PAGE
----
- Boil time = One hour.
- Desired batch volume = Five gallons
The formulae for the pre-boil volume is: (Boil time x Boil-off rate) + Batch Volume
That is: (1 x 1) + 5 = 6.
This means you need a pre-boil volume of six gallons to brew five gallons of beer. You can now calculate the strike water volume needed for this brew.
The formula is: (Grain absorption rate x total weight of grain) + pre-boil volume
That is: (0.125 x 11.5) + 6 = 8.62
Thus, you would need to add 8.62 gallons of strike water to your grains to brew the said five-gallon batch of beer.
– Step 3: Make a Mash
After calculating the strike water volume, the rest of the process is pretty easy. The next thing to do is to make the mash. Heat the strike water at a slightly higher temperature than your desired mash temperature. For example, if you target 150 F, you could heat up to 155 degrees.
The mash you’d get would be a very thin one since the whole volume of hot liquor would be added. The next thing is to place your brew bag in the kettle. To prevent the bags from touching the base of the kettle. Secure the bag to the edge of the kettle’s top with the aid of clips. At this stage, ensure you have your pair of brewer’s gloves on your hands for safety.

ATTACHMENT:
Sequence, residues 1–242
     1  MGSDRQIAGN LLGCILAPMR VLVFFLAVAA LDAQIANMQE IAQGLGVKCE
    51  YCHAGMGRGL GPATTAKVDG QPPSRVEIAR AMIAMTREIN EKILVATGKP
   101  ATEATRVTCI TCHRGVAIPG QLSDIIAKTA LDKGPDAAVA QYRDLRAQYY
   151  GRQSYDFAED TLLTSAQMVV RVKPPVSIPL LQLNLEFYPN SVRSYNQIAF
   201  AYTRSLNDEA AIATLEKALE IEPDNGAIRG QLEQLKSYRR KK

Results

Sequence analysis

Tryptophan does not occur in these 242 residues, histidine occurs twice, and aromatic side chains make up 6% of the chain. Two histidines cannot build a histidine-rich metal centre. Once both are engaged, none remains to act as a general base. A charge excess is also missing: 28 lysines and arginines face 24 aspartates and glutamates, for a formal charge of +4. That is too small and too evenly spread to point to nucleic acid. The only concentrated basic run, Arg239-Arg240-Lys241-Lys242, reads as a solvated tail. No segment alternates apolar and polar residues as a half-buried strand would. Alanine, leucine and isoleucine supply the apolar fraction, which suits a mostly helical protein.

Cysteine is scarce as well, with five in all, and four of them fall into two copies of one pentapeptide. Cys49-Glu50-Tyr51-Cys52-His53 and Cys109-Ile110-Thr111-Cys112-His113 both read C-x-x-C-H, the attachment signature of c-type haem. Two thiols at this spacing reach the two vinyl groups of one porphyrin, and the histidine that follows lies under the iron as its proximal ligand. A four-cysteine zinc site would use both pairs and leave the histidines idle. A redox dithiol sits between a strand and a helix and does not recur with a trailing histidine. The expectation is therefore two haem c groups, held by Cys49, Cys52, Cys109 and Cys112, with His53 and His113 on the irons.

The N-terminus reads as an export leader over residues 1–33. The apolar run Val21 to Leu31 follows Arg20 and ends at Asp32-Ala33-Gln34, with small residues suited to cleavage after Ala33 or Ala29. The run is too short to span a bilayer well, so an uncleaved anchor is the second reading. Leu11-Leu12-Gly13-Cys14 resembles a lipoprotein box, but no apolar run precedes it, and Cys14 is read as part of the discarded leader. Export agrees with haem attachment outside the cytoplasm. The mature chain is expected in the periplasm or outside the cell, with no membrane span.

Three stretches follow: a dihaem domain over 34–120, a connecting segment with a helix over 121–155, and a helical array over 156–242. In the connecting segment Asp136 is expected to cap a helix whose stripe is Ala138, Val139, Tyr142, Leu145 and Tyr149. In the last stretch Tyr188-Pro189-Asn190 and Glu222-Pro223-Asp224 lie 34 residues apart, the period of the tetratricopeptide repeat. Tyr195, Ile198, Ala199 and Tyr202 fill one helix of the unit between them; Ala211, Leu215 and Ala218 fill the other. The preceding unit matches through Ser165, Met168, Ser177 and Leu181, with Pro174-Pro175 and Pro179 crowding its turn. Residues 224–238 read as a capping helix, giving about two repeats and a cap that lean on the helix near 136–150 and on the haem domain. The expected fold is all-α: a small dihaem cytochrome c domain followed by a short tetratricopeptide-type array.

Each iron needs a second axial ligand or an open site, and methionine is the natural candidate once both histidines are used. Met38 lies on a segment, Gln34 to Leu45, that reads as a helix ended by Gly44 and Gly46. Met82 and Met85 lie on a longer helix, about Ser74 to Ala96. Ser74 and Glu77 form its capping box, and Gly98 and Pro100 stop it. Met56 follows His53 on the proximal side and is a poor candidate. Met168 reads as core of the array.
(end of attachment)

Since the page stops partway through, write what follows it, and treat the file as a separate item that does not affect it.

Add your grains quickly, but take great care. Stirring is important, as you do not want the formation of dough balls. Hence, the need to stir the mash properly but carefully.
– Step 4: Monitor and Regulate Temperature
When adding the grains, there is usually a drop in temperature. Hence, the need to monitor the temperature changes. Use a thermometer to monitor and regulate the mash temperature. If it’s too hot, you could add ice. If otherwise, increase the heat. Just make sure that the temperature is regulated.
Afterward, remove your kettle from the heat source and keep it insulated for a period of 60 to 90 minutes. This time is dependent on the recipe used for brewing.
– Step 5: Drain the Worts
The next thing is to remove the grains after the 60 (or 90 minutes) mark. Hoist the bag to allow all worts to drain off the bag. This should not take more than 10 to 15 minutes. You could gently squeeze the bags, wearing your brewer’s bag. Just ensure that no grain escapes the bag.
Once you are done with draining, you do not need the grain anymore. You can dispose of it or keep it for reuse or something else. It could serve as components for compost manure or as animal feed. You can then go on to rinse the bag and dry it.